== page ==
With a few exceptions (the song about John Lennon's murder on his new album Tempest), Bob Dylan's songs have long since ceased to be about anyone in particular. And there's a case to be made that perhaps many of those in the mid Sixties which seemed to have been aimed in particular directions (girlfriends Joan Baez, Edie Sedgwick and Suze Rotolo, running mate and fellow bear-baiter Bob... > Read more

Martha Reeves and the Vandellas: Third Finger Left Hand (1967)

6 Sep 2012

Beyonce's thrilling Bollywood-influenced dancefloor hit Single Ladies; Put a Ring On It reminded of the long tradition of songs about wedding rings, or the lack of them, or how tarnished a memory can be . . . Elsewhere has already posted a number of such songs: Gary Lewis and the Playboys' pop hit This Diamond Ring and Freda Payne exceptional and ambiguous Band of Gold. And... > Read more

The Beach Boys: In the Back of My Mind (1965)

5 Sep 2012

In the very interesting DVD doco Brian Wilson; Songwriter 1962 - 1969,  Bruce Johnston -- who replaced Brian in the touring line-up of the Beach Boys in the mid Sixties -- identifies this song as anticipating the classic BB album Pet Sounds. It appeared on the album The Beach Boys Today!, a record which largely went past many people who by this time had wearied of the BB's endless... > Read more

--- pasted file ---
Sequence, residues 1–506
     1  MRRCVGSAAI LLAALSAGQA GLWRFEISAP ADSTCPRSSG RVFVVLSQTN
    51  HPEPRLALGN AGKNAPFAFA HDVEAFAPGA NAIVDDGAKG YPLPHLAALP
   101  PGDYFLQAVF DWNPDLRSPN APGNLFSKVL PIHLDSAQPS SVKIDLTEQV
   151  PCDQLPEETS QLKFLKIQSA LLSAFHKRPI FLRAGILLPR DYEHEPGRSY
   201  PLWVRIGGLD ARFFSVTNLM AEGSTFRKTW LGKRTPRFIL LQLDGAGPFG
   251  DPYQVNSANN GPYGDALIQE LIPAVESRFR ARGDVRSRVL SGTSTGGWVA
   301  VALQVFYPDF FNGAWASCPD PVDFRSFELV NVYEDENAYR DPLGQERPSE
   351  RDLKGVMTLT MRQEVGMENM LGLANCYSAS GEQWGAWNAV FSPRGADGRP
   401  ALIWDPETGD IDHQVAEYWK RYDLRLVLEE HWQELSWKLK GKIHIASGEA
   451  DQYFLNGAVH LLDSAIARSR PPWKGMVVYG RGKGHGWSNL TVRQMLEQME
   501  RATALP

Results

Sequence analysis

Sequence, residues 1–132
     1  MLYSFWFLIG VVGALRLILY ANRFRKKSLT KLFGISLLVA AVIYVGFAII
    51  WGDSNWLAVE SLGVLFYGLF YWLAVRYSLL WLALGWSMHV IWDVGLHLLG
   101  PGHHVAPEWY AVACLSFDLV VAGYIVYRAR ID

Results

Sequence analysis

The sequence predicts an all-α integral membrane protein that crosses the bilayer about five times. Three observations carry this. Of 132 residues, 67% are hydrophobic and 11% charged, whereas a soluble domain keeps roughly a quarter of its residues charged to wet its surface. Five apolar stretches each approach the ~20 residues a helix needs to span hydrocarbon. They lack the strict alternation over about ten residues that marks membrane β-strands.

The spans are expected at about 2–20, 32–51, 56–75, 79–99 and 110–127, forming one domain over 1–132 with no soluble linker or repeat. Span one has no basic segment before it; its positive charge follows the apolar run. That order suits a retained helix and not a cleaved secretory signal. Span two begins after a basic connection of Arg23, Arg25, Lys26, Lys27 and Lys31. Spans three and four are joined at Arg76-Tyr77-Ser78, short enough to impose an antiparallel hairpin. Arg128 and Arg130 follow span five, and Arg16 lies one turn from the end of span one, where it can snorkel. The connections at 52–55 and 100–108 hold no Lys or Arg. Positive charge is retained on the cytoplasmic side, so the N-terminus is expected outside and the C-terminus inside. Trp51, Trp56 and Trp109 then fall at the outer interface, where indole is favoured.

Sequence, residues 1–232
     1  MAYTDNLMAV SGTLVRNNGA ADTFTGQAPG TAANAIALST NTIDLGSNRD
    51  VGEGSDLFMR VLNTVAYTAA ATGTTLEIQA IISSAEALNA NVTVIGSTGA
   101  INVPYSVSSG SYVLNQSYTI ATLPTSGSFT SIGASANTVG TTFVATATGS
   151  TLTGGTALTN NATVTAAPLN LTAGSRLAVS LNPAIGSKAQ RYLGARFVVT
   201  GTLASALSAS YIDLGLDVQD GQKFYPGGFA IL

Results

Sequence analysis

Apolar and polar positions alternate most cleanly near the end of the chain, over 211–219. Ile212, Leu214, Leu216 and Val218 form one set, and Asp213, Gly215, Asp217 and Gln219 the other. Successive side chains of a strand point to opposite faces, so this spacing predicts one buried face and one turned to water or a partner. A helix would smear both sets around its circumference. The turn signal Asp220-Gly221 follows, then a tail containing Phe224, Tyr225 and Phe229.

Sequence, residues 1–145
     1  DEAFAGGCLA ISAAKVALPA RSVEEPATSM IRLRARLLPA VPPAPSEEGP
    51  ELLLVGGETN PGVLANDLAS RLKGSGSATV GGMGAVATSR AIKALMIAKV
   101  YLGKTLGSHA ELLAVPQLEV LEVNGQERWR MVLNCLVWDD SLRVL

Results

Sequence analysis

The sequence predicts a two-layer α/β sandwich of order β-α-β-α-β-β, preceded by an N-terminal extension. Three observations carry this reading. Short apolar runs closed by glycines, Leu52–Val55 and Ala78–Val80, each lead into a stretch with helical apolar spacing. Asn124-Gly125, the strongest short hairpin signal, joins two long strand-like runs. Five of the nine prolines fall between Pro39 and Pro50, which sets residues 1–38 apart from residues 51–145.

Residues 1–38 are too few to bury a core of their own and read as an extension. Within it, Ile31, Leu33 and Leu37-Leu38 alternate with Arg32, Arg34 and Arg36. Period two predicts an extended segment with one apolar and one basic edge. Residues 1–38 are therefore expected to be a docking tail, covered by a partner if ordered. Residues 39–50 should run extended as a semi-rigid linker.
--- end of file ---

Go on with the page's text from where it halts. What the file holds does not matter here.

LaVern Baker: Soul on Fire (1953)

4 Sep 2012

In her long life -- she died in '97 age 67 -- LaVern Baker (born Delores Baker) sang everything from blues -- she started as Little Miss Sharecropper in Chicago -- through soulful ballads, jazz, fairly vacuous pop (see clip), creditable covers of Bessie Smith . . . And this minor classic included in the soundtrack to the '87 film Angel Heart and which could have brought her to attention... > Read more

The Honeycombs: Have I The Right (1964)

3 Sep 2012    3

In the Beatpop boom which followed the Beatles, there were any number of great one-off hits (Concrete and Clay by Unit 4 Plus Two, and Wake Up My Mind by the Ugly's spring to mind). But few had less a one-off success and promise unfulfilled than the Honeycombs. Their simplistic but energetic Have I the Right was no less interesting -- better in fact -- than the tub-thumpy pop of the... > Read more

Jimmie John: Solid Rock (1959)

31 Aug 2012

Rockabilly is a genre that seems to enjoy the fact that it doesn't change or grow, develop or move too far from a simple template of a backbeat and the invitation to dance. It is shamelessly self-referential (in truth it just borrows or steals from itself) and back in the early Fifties when it emerged it didn't take it too long to establish some fundamental principles. Then Elvis -- and... > Read more

Lula Reed: I'll Drown in my Tears (1952)

30 Aug 2012

Although Ray Charles took a version of this soul classic to the top of the charts in 1956, this earlier version by Lula Reed (1921-2008) is the one to return to. A sassy and soulful r'n'b singer who was discovered singing in a church choir by gospel singer Harold Boggs, she took this version to the top five on Bilboard's r'n'b charts but, despite her penetrating and unwavering vocal style,... > Read more